Kurds backed by US deny accusations of torture, abuse in Syria camps

AFP , Thursday 2 May 2024

US-backed Kurdish authorities in Syria Thursday denied claims by Amnesty International which accused them of torturing suspected jihadists and their dependents detained in the country's northeast.

al-Hol camp
File photo: Kurdish forces patrol al-Hol camp, which houses families of members of the Islamic State group in Hasakeh province, Syria, on April 19, 2023. AP


Camps and prisons run by Kurdish authorities still hold more than 56,000 detainees with alleged or perceived links to the Islamic State group, five years after the jihadists were ousted from their last territory in Syria.

They include jihadist suspects locked up in prisons, as well as the wives and children of IS fighters who are held in the Al-Hol and Roj internment camps.

Amnesty Secretary-General Agnes Callamard said in an April report that Kurdish authorities "have committed the war crimes of torture and cruel treatment, and likely committed the war crime of murder".

The Kurdish semi-autonomous administration in northeastern Syria flatly rejected that.

"With regards to allegations of systematic torture and killing, the Autonomous Administration respects its obligations to prevent the violation of its laws, which prohibit such illegal acts, and adheres to international law," it said in a statement.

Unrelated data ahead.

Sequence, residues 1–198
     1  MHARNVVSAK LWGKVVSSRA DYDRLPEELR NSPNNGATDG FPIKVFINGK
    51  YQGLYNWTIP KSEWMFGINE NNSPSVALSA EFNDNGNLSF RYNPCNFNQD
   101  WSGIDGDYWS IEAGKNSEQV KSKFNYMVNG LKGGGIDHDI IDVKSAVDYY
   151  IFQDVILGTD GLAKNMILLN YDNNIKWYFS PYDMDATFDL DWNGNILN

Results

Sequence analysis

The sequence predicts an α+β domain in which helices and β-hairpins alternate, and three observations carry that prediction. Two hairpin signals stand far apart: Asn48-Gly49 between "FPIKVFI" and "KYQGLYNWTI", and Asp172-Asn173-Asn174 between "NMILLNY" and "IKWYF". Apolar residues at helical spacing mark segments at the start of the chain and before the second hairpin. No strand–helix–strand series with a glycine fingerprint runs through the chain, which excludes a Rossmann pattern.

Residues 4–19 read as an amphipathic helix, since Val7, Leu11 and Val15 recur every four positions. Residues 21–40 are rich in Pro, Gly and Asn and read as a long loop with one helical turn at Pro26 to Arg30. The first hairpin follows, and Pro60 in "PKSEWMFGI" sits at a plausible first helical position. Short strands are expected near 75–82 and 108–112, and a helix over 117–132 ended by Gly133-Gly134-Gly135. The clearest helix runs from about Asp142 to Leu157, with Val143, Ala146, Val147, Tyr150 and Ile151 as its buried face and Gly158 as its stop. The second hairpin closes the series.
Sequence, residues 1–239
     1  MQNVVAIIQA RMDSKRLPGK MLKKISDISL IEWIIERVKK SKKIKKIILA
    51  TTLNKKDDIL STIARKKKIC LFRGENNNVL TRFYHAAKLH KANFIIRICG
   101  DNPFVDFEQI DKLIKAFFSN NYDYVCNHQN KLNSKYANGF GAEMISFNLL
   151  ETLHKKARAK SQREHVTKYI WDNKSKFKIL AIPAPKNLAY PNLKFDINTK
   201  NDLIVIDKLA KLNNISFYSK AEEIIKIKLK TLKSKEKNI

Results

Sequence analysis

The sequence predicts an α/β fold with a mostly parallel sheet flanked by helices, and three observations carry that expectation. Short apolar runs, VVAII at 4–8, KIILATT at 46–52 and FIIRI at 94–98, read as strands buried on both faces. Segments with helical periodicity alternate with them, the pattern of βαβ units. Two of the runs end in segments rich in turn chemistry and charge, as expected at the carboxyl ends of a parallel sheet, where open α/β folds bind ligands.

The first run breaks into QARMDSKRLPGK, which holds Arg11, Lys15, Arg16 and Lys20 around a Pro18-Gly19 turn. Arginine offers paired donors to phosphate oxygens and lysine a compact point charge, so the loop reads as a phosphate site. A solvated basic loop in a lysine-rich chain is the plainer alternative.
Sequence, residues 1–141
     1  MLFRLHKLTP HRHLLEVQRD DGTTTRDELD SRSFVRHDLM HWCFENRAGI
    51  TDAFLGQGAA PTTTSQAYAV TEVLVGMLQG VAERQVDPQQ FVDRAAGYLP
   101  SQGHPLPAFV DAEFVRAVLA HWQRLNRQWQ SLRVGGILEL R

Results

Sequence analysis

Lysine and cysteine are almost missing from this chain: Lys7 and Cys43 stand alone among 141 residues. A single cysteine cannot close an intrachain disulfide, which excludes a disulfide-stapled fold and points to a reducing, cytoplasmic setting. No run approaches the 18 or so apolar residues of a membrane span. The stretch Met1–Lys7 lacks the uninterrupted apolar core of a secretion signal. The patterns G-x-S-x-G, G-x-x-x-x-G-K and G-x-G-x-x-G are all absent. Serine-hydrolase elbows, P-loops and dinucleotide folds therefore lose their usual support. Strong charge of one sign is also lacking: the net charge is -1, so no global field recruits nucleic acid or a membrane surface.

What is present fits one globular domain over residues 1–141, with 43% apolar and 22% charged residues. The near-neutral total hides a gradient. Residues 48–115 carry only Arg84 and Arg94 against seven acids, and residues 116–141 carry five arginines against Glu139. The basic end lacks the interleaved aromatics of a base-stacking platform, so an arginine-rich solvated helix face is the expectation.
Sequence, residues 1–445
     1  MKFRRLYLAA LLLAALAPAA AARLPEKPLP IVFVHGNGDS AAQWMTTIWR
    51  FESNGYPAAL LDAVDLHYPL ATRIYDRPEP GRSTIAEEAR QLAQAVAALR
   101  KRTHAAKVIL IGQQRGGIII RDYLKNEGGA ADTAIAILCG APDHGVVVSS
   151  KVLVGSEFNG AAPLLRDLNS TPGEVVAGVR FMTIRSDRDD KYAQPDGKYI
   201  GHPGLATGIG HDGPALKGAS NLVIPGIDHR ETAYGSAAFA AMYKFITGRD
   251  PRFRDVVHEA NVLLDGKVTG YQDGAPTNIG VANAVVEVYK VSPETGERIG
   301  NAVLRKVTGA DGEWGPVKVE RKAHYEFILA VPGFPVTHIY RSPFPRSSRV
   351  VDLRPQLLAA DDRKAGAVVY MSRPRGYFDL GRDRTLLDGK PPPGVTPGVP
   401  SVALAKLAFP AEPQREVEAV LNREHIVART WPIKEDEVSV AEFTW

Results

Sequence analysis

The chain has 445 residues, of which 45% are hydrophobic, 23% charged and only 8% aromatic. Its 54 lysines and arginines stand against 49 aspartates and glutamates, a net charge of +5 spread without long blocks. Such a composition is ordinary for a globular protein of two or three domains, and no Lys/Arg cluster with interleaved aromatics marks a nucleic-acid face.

Any such crimes that may have been perpetrated are "individual acts", it said, asking Amnesty to provide it with any evidence of wrongdoing by its security forces and affiliates "to hold perpetrators to account".

"We are open to cooperating with Amnesty International regarding its proposed recommendations, which require concerted regional and international efforts," it added.

The vast majority of residents at Al-Hol and Roj are women and children living in dire conditions.

Al-Hol is the largest internment camp in northeastern Syria, with more than 43,000 detainees from 47 countries, many of them family members of IS fighters.

The Kurdish authorities said they have "repeatedly called on the international community to fulfil their responsibilities" and help them "meet the needs in camps and detention facilities, which require huge financial resources that the Autonomous Administration does not have".

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